Residual Value

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What is the 'Residual Value'

The residual value of a fixed asset is an estimate of how much it will be worth at the end of its lease, or at the end of its useful life. The lessor uses residual value as one of its primary methods for determining how much the lessee pays in lease payments. As a general rule, the longer the useful life or lease period of an asset, the lower its residual value.

BREAKING DOWN 'Residual Value'

If you lease a car for three years, its residual value is how much it is worth after three years. The residual value is determined by the bank that issues the lease before the lease begins. It is based on past models and future predictions. Along with interest rate and tax, residual value is an important factor in determining the car's monthly lease payments. In capital budgeting projects, residual values reflect how much you can sell the asset for after the firm has finished using it or once the asset-generated cash flows can no longer be accurately forecast.

Uses of Residual Value

An example for a business owner would be if his desk had a useful life of seven years. How much the desk is worth at the end of seven years (its fair market value as determined by agreement or appraisal) is its residual value, also known as salvage value. To manage asset-value risk, companies that have numerous expensive fixed assets, such as machine tools, vehicles or medical equipment, may purchase residual value insurance to guarantee the value of properly maintained assets at the ends of their useful lives.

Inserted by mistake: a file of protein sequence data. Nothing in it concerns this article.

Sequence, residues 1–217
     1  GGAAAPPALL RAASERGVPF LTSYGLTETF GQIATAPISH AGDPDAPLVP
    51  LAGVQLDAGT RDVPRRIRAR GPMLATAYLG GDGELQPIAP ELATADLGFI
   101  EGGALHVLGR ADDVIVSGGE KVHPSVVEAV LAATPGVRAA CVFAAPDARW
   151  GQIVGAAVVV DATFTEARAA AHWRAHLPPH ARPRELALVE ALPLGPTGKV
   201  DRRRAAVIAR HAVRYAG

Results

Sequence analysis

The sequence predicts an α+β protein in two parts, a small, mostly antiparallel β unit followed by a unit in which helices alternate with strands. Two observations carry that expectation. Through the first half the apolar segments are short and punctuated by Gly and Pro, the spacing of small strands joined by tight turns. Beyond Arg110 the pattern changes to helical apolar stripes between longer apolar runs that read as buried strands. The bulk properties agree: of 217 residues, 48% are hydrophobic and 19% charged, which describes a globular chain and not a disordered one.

Calculating Depreciation/Amortization Using Residual Value

Residual value also figures into a company's calculation of depreciation or amortization. Suppose a company acquires a new software program to track sales orders internally, and this software has an initial value of $10,000 and a useful life of 10 years. In order to calculate yearly amortization for accounting purposes, the owner needs the software's residual value, or what it is worth when those 10 years are up. Assume this value is zero and the company uses the straight-line method to amortize the software. Therefore, the company must subtract the residual value of zero from the $10,000 initial value and divide by the asset's useful life of 10 years to arrive at yearly amortization, which is $1,000.

For tangible assets, such as cars, computers and machinery, a business owner would use the same calculation, only instead of amortizing the asset over its useful life, he would depreciate it.